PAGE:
Video production class weblog--Day 5, 2014: story development and the pitch
Yesterday, D6 Productions and Average Film Studios edited their action videos and brainstormed ideas for their big story lines. After spending four hours trying to hash out a continuing story out of their post-apocalyptic hook, D6 Productions were getting frustrated with the whole idea, but with O.K. Keyes' help, they came up with this treatment:
A young man named John wakes from a nap to discover that everyone has vanished from his school. Desks are overturned, pieces of paper lie scattered everywhere. As he looks for his sister Lilian, he finds a sheet of paper with a bloody handprint on it and her name written in pencil. Calling out her name in desperation, he runs around the school until he collapses by a bathroom. He hears weeping, and when he enters the bathroom, he finds her curled up in a corner behind the sinks. She says "Thank you for saving me," and as they are walking out, one can see that only his shadow appears in the mirrors.
As they wander around the school, they discuss possible scenarios as to what happened. A neutron bomb? Some deadly chemical from overseas that they are strangely immune to? John notices that Lilian seems disengaged, emotionally disconnected, with a tendency to stare off into space when she should be paying attention. They decide to work their way home, but they have to pass through downtown first, and they keep thinking that they're finding someone still alive amongst the scattered cars, the drifting sheets of paper, and the eerie piles of ashes on the sidewalk. What seems to be a human will suddenly become a mannequin in a shop window, a fallen branch, or a laptop blinking in an otherwise empty hallway.
After they become used to the silence and the isolation, John hits upon the idea of investigating various random homes with the hopes that someone may be holed up inside. In the midst of this search, he locates some crackers, peanut butter, and bottled water, but when they sit down to eat in someone's backyard, he notices that Lilian isn't hungry. She just stares at the food as if she didn't know how to pick it up. She also refuses to drink anything. Again, concerned, John prompts her with one of the favorite songs of their youth "Hush little baby, don't say a word / Mama's gonna buy you a mockingbird," but Lilian looks away not comprehending at all. Alarmed, John tries to shake her into being more awake and aware. "What do you mean, you don't remember it?" he asks.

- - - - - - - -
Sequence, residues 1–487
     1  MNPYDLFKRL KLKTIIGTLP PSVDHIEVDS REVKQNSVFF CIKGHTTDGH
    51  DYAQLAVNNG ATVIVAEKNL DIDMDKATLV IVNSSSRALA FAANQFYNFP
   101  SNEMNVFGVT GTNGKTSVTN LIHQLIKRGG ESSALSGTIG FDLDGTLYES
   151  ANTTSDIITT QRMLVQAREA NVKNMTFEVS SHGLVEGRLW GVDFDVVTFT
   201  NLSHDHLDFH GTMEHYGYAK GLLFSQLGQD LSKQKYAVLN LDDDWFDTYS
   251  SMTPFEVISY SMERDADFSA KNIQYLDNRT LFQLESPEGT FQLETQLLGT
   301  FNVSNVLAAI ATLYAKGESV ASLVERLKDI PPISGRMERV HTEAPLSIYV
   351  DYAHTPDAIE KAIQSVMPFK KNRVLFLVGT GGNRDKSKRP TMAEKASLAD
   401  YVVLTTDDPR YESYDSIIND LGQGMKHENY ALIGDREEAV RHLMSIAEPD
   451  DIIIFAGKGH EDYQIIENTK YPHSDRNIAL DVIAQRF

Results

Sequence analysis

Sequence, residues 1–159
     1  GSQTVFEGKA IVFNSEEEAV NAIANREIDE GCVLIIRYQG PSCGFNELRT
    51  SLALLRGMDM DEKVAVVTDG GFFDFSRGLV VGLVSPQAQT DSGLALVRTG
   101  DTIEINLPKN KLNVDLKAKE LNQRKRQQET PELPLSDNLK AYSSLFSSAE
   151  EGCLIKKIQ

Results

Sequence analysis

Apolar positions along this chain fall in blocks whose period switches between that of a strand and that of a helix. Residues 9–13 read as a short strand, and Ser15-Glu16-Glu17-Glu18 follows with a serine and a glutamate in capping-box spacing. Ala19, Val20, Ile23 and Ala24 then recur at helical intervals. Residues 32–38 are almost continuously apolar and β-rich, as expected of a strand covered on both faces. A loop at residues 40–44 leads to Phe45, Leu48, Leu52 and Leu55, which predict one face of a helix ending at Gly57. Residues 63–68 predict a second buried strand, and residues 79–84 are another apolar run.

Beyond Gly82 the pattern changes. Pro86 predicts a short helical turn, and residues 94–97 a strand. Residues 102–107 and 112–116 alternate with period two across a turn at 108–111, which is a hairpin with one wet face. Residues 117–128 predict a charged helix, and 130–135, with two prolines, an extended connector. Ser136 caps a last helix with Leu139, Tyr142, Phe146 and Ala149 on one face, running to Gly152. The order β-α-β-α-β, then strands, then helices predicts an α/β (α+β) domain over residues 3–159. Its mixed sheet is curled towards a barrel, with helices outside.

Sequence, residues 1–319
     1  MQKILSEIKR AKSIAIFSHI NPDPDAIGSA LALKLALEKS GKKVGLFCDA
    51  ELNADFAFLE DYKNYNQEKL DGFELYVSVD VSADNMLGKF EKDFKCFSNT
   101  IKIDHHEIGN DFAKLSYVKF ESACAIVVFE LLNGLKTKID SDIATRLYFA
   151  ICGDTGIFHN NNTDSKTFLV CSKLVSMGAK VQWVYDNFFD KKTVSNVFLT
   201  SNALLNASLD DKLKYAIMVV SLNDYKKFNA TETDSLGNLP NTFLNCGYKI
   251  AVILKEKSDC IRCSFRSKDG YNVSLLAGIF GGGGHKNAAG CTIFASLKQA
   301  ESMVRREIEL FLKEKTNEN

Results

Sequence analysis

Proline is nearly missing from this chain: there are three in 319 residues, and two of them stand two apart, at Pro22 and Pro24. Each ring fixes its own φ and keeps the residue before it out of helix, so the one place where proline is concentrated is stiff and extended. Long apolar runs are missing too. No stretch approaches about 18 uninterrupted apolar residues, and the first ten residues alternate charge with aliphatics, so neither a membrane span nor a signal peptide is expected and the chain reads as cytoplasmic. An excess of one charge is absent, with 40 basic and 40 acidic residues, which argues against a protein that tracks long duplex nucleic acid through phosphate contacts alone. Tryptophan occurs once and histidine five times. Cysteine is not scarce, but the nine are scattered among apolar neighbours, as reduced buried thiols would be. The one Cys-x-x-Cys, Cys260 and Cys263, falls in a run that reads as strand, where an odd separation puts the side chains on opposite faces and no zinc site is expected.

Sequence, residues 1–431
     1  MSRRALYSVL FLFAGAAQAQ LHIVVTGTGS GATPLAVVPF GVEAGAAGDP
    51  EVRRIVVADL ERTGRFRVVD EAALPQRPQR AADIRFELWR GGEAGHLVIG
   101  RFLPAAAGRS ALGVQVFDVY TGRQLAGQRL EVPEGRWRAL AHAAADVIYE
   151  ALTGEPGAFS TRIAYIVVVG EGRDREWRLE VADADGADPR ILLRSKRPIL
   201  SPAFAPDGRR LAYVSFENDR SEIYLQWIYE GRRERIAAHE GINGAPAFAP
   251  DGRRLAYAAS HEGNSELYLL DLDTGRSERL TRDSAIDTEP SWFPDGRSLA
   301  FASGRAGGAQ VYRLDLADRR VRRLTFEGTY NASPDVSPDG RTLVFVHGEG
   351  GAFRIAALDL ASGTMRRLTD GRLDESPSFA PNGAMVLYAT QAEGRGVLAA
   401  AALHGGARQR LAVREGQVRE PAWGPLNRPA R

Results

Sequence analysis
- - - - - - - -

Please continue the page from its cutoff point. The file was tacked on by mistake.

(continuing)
Soon after, they arrive back home, but there's no one inside. Again, John tries to jogs his sister's memory by reminding her of a favorite Operation board game, but she just looks at him helplessly. They both end up taking a nap, and when they awake a neighboring girl named Denise has appeared at the doorway. While they are silent, Denise joins them joyfully. It turns out that she has been alone at home for the entire day, and she's just as concerned about what happened as they are. Still, both John and Lilian fail to respond, and when she asks them what's going on, they reply in unison, "Thank you for saving me." As the camera moves around the living room, we can see that, of the three of them, only Denise appears in the mirror.
When it came time for D6 Productions to pitch their 3 story lines the rest of the class, they also mentioned a home invasion-type idea involving two sisters who hate each other, but are forced to work together to stop a strange man from getting inside their house. When the group brought up the Lilian story, immediately people began to question it. Is there really a plot? Will the ending make any sense? After some discussion, I proposed that the entire class (except for one) close their eyes and vote for one story or the other. After some confusion of a split vote with 6 - 6, the class then chose the home invasion story over the Lilian one by a margin of 7 - 6. So, after all of that time working out a semi-coherent ending to their narrative, D6 Productions switched to something else altogether! Screenplay writing is a bitch.
Over the weekend, both production companies will write out scenes, storyboard, and plan out their shooting schedule. Principal photography of the two major videos (in a park and in an antebellum mansion) will probably begin on Monday afternoon.
Endings: Stanley Kubrick's The Killing
From my piece in the May issue of Sight & Sound, out on stands now, the ending of Stanley Kubrick's the Killing. Nicely edited for space (yes, I went over wo...